We face environmental health threats every day in the air we breathe, the food we eat, and the homes in which we live. And though we are all susceptible, the level of risk experienced is not equal: For children, these threats pose an even greater risk to health than they do for adults. Children are a vulnerable population who, due to their still-developing bodies and particular exposure patterns, are uniquely susceptible to the influences of the world around them. The Environmental Protection Agency (EPA) is acknowledging that heightened risk throughout October for Children’s Health Month, an awareness initiative that focuses on the health hazards to which children are especially vulnerable.
Children are highly sensitive to their environments for a number of reasons. Because they are still growing, they consume more food, water, and air than adults do in proportion to their weight—meaning that, pound-for-pound, children are exposed to more contaminants than adults. With that continued growth comes continued development and the nervous, immune, respiratory, and reproductive systems of children exposed early in life to environmental toxins can suffer irreversible damage. And, children behave differently than adults, leading to different patterns of exposure. For instance, they crawl on the ground through dust and chemicals that accumulate on the floor and in the soil.
Exposure to environmental pollutants has been linked to the early onset of chronic conditions such as asthma, obesity, and heart disease. An estimated 6.8 million (9.3%) American children have asthma and 12.7 million (17%) are obese. Public health professionals need to be familiar with the unique experience of children, and educate communities on the best ways to keep some of their most vulnerable members safe and healthy.
Below are some of the environmental health threats to which children are most vulnerable.
Children experience more pronounced effects from air pollution—both indoor and outdoor—than do adults. Causes of outdoor air pollution include smog and particle pollution; indoor air pollution can be caused by secondhand smoke, radon, mold, asbestos, and indoor cooking fuels. Poor air quality in schools, where children spend a significant amount of their time, is of significant concern. Children who suffer from asthma or other respiratory diseases are at particular risk; poor air quality can exacerbate their symptoms or even cause their conditions to worsen. Local health departments should educate their communities about the importance of testing for radon, minding air quality alerts, and keeping their homes free of unnecessary irritants. Further, locals should educate their communities and leaders about the importance of legislation such as the Clean Power Plan.
Children’s Health Month this year is devoted to issues of climate change. Climate change related developments such as heat, air pollution, and a longer allergy season exacerbate the problems that already vulnerable populations, particularly those suffering from asthma and allergies, will experience. Heat can be especially problematic for children living in urban environments, as the heat island effect intensifies temperatures. Other climate change related impacts include increased prevalence of disease-carrying vectors such as mosquitoes and ticks; severe drought; and intense rainfall and storms. Local health departments should ensure they have plans in place to help mitigate the health effects of climate change, thereby ensuring that children are protected from its impacts.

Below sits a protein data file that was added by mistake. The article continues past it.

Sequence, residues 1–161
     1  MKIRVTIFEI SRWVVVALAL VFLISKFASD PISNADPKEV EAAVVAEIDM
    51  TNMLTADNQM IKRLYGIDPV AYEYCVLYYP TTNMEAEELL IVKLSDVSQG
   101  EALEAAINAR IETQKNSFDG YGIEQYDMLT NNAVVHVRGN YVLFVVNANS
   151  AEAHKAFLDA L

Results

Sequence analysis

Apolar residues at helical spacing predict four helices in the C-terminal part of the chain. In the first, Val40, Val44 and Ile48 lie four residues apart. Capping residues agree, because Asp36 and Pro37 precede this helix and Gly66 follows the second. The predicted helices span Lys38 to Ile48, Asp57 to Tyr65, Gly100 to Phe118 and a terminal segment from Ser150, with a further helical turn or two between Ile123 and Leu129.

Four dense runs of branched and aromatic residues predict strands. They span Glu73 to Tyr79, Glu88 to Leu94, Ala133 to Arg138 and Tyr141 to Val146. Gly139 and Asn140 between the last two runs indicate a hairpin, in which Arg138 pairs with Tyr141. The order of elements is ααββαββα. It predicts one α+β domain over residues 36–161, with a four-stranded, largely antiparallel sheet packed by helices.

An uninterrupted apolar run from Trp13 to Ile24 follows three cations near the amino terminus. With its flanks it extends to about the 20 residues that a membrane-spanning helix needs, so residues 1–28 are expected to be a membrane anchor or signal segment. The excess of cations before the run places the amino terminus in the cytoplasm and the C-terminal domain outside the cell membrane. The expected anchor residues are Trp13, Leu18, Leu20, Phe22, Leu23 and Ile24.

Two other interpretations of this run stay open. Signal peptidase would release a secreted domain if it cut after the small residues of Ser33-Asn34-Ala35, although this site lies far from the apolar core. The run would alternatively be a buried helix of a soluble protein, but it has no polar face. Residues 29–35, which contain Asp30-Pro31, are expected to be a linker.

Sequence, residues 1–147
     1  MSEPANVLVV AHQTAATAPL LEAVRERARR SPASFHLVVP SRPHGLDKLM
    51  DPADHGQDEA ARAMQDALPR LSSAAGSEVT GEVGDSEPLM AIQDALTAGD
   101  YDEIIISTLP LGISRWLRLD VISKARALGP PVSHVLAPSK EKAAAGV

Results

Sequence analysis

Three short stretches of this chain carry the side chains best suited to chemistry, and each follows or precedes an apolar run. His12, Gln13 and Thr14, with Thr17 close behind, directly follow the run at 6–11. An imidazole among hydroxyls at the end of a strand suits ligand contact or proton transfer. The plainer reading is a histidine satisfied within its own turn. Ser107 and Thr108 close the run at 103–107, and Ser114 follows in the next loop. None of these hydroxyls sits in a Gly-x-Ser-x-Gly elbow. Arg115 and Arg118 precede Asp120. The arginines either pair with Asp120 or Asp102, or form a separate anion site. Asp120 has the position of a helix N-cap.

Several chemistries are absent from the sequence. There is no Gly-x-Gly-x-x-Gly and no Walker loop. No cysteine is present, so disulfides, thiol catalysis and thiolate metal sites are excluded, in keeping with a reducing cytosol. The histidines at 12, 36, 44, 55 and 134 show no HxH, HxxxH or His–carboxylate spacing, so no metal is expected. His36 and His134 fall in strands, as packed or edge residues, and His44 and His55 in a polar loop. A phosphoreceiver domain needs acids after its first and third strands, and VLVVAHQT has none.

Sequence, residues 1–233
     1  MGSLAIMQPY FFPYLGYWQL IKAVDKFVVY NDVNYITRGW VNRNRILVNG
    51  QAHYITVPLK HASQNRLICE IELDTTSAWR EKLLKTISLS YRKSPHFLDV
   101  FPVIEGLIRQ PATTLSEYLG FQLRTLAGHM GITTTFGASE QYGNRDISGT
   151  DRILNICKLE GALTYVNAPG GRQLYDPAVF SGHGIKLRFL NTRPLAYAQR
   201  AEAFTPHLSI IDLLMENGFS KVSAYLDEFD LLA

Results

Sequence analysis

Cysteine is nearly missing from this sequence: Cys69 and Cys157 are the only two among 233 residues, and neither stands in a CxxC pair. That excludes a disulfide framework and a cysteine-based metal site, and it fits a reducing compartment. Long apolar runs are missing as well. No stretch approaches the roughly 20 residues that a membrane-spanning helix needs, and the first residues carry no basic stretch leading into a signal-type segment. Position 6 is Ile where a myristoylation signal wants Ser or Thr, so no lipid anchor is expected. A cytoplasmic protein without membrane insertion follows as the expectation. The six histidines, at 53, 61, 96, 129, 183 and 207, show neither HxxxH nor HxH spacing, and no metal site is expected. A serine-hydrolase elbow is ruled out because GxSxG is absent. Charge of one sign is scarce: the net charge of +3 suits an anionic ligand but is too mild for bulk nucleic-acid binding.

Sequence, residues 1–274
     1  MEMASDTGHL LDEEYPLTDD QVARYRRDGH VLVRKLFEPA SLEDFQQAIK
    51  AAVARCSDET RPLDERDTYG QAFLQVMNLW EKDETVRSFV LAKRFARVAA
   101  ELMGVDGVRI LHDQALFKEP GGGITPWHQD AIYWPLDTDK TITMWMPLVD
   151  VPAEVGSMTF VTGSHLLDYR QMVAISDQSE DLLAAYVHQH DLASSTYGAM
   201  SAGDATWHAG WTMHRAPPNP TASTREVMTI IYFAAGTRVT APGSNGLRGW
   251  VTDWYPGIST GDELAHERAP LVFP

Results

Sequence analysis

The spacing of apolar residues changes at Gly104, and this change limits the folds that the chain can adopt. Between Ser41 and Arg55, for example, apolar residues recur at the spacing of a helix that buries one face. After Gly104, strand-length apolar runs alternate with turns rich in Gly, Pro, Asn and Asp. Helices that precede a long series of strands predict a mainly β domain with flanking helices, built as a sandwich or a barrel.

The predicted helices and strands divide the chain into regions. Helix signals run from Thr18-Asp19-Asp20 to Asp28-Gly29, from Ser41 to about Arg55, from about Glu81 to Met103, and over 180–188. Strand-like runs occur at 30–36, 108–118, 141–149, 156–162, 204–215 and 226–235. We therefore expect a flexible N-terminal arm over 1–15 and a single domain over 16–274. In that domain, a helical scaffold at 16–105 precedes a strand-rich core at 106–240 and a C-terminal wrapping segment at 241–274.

Infectious and Vector-Borne Diseases
Children who regularly spend time outdoors and are unaware of the threat that insects and other vectors pose are at a higher risk of contracting Lyme disease, Chikungunya virus, West Nile virus, and more—all of which can have long-term, and even fatal, effects. Another particular threat that has been in the news lately is Naegleria fowleri, more commonly known as the “brain-eating amoeba.” The amoeba causes a serious brain and spinal canal inflammation, and mainly affects children and young adults who have been swimming in warm, stagnant water. Local health departments should ensure they provide education to parents and community members around these various vector-borne diseases, particularly in the summer months when they are most likely to be contracted.
Children living in an estimated 4 million households are exposed to high levels of lead. Approximately half a million young children 1-5 years old have blood lead levels of above 5 micrograms per deciliter, the level at which the Centers for Disease Control and Prevention (CDC) recommends public health action be initiated. No safe blood lead level in children has been identified. Lead exposure, which often occurs with no obvious symptoms, can have lifelong developmental effects including memory problems, trouble paying attention, language impairments, and lack of cognitive flexibility. Small children are especially susceptible to lead exposure because they are likely to chew on lead-painted toys and put paint chips into their mouths. Low-income and African American children are at an even higher risk of experiencing lead poisoning. Local health departments should ensure they have strong lead poisoning prevention programs in place to work toward the Healthy People 2020 goal of eliminating elevated blood levels in children.
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